Never mind the evidence, feel the ‘truthiness’ of what Gerry Adams says
For Sinn Féin’s leaders, things that appear incompatible can be resolved
Pádraig MacLochlainn put it most touchingly: “I know the character of Gerry Adams and I absolutely believe him.” It’s that “absolutely” that should alert those of us outside the party that we are in the realms of pure truthiness. Photograph: Collins
I owe Sinn Féin an apology. I have been judging the handling of child sexual abuse by the wrong standard. Like many equally mistaken people, I’ve been asking for truth. But the proper standard is not truth, it’s truthiness. The American satirist Stephen Colbert coined “truthiness” to describe the tendency to believe things because they feel right to you rather than because they accord with mere evidence.
Sinn Féin is a truthy party. Over the last fortnight, one after another of its smart young TDs has come out to tell us that what really matters to them – and thus what should matter to the rest of us – is not evidence about what Gerry Adams did or did not do. It is the way their personal knowledge of Gerry makes them feel, which is, inevitably, an unshakeable sense of trust. Pádraig MacLochlainn put it most touchingly: “I know the character of Gerry Adams and I absolutely believe him.” It’s that “absolutely” that should alert those of us outside the party that we are in the realms of pure truthiness.
It’s no excuse for my error, but I presume you have to do some kind of course to achieve this level of truthiness, some training where you finally “go clear” of mere concern with objective truth and become whatever the Irish is for Operating Thetan. But, not having done the course, there is still one problem, rooted no doubt in false consciousness, that bothers me. I now completely accept that what matters is what people who know Gerry Adams believe absolutely in their gut. What I still can’t grasp is which Gerry Adams they believe absolutely.
Is it the Gerry who wrote in Republican News in 1976 that “I am an IRA volunteer” or the Gerry who insists he was never in the IRA? Is it the Gerry who told us his brother Liam left Ireland in 1987, after his daughter told Gerry that he had abused her from the age of four, or the Gerry who later accepted this was not so? The Gerry who told us his brother was “out of my life” from 1987 to 2002 or the Gerry who, in his 1996 autobiography Before the Dawn makes 11 affectionate references to “our Liam” and, in the acknowledgements thanks him “especially” for his help? The Gerry who says he had his brother Liam “dumped out of Sinn Féin” in 1997 or the Gerry who had Liam as chairman of the Lower Andersonstown Sinn Féin cumann in his own constituency from 2000 until late 2005?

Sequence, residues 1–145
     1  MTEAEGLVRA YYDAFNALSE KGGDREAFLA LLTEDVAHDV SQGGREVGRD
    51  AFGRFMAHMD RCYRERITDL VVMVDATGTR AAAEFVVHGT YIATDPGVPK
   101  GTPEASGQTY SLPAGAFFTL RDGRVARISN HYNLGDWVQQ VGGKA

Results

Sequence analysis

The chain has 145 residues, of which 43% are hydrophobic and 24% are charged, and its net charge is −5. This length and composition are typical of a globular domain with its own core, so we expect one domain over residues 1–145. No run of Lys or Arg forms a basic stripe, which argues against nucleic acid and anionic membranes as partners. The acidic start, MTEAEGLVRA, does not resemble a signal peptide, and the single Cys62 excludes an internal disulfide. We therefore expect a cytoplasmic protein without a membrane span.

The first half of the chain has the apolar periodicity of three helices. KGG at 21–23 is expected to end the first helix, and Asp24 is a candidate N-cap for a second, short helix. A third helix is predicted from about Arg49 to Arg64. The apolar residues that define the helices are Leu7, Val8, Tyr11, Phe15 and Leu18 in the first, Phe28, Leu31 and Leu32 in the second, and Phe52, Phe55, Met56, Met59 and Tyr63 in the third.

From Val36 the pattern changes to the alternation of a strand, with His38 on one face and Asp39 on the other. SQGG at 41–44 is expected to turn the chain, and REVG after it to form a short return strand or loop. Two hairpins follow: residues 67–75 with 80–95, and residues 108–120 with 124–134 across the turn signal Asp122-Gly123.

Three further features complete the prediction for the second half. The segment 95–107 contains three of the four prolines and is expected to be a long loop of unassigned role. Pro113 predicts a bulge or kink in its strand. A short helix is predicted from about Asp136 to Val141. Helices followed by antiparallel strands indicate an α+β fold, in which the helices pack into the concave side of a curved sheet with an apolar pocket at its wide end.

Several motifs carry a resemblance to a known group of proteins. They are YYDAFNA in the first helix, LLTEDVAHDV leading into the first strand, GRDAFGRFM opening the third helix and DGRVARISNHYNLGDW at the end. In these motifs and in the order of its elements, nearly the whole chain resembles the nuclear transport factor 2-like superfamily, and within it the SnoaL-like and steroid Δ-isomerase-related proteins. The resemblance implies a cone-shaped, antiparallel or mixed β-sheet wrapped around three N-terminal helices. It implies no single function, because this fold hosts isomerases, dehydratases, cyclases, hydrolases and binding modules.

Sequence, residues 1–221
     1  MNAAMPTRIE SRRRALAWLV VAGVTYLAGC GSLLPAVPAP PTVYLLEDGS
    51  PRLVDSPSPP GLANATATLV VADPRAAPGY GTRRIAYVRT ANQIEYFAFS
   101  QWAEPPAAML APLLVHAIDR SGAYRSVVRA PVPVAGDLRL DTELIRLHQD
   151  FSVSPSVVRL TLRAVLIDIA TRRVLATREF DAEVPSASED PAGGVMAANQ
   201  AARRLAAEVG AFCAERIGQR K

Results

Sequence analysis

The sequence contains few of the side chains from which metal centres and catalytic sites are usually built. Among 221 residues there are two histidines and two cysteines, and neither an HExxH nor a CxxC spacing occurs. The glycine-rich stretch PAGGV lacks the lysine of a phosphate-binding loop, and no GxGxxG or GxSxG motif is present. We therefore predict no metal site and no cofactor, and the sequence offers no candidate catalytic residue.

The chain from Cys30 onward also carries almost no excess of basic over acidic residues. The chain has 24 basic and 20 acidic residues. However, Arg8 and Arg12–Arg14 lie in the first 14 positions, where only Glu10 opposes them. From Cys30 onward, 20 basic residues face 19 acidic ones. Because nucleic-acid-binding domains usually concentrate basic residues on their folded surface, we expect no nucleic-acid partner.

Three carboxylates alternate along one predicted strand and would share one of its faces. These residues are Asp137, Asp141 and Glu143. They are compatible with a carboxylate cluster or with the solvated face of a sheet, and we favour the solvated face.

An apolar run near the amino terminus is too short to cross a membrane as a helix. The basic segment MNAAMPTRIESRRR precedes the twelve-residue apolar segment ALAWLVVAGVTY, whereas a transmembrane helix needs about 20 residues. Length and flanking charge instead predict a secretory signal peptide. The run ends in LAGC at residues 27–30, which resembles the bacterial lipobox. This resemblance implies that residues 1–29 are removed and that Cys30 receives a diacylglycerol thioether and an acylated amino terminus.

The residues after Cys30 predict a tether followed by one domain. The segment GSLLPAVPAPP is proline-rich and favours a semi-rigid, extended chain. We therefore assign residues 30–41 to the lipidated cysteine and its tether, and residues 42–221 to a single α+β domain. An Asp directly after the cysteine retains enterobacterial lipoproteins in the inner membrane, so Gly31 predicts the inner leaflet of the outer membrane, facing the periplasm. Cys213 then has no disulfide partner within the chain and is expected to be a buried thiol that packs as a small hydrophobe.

The Gerry who told his brother’s trial, under oath, that “I didn’t believe at that point that my brother was a danger” [to children] or the Gerry who told the same trial, in relation to his brother’s rape of his daughter, that “a person who would do such a thing is a danger to other children”?
The Gerry who made no mention in a statement to the PSNI in 2007 of his brother having admitted the abuse to him, or the Gerry who remembered this admission in a statement in 2009?
To those of us not trained in truthiness it is impossible to understand how smart Sinn Féin TDs can “absolutely” believe Gerry when he says things that, to the unenlightened, appear contradictory. But we have to acknowledge the party’s leaders have reached a level of consciousness where things that appear incompatible can be resolved. Mary Lou McDonald presumably sees no contradiction between her complete support for Gerry now and her call in 2009 for those in the Dublin Catholic archdiocese and the Garda who failed to get known abusers away from children to be “arrested and made to face the full rigours of the law”.
No wonder Sinn Féin is furious: how galling for people who operate on this higher level of truthiness to be dogged by those who are stuck on the muddy ground of mere truth. Being able to believe absolutely in absolutely opposed statements has an unfortunate cost: it is hard to communicate with the deluded ones who think that something either happened or didn’t. And with those who would like to be governed by people who act on evidence, rather than on what they feel.